Coronavirus pares Douglas revenues |

Coronavirus pares Douglas revenues

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Douglas County commissioners will meet virtually on the budget 1 p.m. Tuesday. Meetings can be viewed at Send comments by visiting and scrolling down to news and announcements.

Until the St. Patrick’s Day closing of Nevada’s casinos and many businesses due to the coronavirus outbreak, Douglas County’s economy had been chugging along.

Room tax collections were at 100 percent of projections, Douglas County commissioners learned on Thursday.

Taxable sales for January were up 13.2 percent in the county to $64.4 million, according to the Nevada Department of Taxation.

The county was also coming off a good February at the Stateline casinos.

Figures released by the Gaming Control Board showed the casinos’ revenue was up 21.36 percent for February, thanks in part to a strong take at the Super Bowl.

On Thursday, Commission Chairman Barry Penzel issued a statement encouraging residents and staff to hold fast.

“This is a time of great uncertainty and anxiety for all of us, but I want to assure you that although it might feel like life has been canceled, this community and its leadership have not been canceled,” he said.

He asked residents to honor first-responders and medical professionals by staying home, washing their hands and finding ways to take care of themselves and their family.

County Manager Patrick Cates said the pandemic is going to have significant effects on the economy.

“The measures to curb the spread of COVID-19 instituted by the State of Nevada, and many other jurisdictions, will have a disproportionate impact on Nevada’s hospitality industries,” he said. “Douglas County depends on this sector for 11 percent of its gross regional product and 23 percent of its jobs.”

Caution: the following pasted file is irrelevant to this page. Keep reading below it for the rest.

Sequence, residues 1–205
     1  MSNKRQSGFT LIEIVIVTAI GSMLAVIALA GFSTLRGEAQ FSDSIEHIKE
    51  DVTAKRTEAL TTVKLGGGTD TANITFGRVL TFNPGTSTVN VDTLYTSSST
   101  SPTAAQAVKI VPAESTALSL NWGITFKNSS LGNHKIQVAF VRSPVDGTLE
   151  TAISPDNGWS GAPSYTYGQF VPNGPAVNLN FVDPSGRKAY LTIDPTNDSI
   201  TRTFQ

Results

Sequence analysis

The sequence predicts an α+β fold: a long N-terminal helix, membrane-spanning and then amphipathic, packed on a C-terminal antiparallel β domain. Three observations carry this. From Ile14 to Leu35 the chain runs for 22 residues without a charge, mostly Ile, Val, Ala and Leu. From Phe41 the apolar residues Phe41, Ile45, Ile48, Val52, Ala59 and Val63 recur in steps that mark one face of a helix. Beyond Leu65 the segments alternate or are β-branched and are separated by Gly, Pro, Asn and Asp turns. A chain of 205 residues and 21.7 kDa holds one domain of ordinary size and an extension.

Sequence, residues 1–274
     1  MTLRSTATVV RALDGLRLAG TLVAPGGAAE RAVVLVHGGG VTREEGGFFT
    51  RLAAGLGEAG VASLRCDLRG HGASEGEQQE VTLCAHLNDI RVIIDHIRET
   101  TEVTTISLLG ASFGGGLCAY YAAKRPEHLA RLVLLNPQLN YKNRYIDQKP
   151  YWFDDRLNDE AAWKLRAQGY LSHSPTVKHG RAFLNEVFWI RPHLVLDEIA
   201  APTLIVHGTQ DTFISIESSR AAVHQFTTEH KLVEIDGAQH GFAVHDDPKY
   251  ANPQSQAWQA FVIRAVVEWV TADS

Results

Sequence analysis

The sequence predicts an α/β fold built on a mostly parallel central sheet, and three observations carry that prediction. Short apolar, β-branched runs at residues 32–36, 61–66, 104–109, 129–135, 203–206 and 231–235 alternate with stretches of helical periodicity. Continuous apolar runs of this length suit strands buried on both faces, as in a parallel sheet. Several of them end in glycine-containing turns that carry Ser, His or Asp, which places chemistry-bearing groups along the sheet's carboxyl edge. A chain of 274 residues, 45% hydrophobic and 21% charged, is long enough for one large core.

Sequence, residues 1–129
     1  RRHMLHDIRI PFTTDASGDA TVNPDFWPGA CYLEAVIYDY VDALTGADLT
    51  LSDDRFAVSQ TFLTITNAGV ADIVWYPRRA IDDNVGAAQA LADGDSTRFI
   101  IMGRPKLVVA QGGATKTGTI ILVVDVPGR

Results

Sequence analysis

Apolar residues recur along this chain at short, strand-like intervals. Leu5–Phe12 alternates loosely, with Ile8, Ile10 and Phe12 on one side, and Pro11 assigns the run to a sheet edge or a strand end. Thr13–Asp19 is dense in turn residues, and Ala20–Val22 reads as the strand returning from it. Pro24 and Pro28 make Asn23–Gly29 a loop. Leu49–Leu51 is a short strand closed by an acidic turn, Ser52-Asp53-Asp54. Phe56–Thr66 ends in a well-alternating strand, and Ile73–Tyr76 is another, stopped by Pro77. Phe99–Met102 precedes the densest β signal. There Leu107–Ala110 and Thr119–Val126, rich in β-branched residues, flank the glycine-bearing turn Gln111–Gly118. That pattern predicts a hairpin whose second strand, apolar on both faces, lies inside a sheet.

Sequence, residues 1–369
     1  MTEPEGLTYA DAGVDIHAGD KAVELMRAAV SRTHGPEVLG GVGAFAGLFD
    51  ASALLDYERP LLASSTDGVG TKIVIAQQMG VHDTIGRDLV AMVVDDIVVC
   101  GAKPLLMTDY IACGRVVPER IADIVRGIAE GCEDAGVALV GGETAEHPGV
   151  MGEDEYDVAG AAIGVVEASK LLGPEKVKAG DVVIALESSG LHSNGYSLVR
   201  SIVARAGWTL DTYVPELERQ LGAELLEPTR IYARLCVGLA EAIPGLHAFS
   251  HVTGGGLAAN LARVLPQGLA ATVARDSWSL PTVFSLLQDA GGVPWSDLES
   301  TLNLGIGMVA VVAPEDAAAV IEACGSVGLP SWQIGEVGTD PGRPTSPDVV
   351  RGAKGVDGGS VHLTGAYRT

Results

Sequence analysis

As a result of the decline in county revenues, all vacant positions are subject to a hiring freeze and purchases will be limited to those essential to the coronavirus response, other emergencies, contracts or keeping essential county services in place.

Commissioners are scheduled to begin virtual budget meetings on Tuesday, which will raise questions about how the county will deal with the budgetary hole created by the quarantine.

Cates said commissioners will be asked to approve the budget without supplemental requests, that may end up being considered after the crisis is over.

“Our economy was strong before this event,” he said. “Economic recovery may come swiftly. While we hope for the best, we must plan for the worst and be prepared to weather the storm.”

Chief Financial Officer Terri Willoughby said she is working with her colleagues in other counties on how to plan for the coming fiscal year.

Willoughby said the shutdown will have an immediate effect on the budget.

She said the county was ahead of projections for both property and the consolidated tax that includes sales tax, which are the county’s two key sources of revenue.

“We were still ahead of projections, but I don’t know what the total impact this fiscal year will be,” she said.

Penzel speculated that taxable sales might increase for March due to increased purchases at local stores.

While Nevada doesn’t tax food groceries, sales tax is charged on items like toilet paper, paper towels and antiseptic wipes.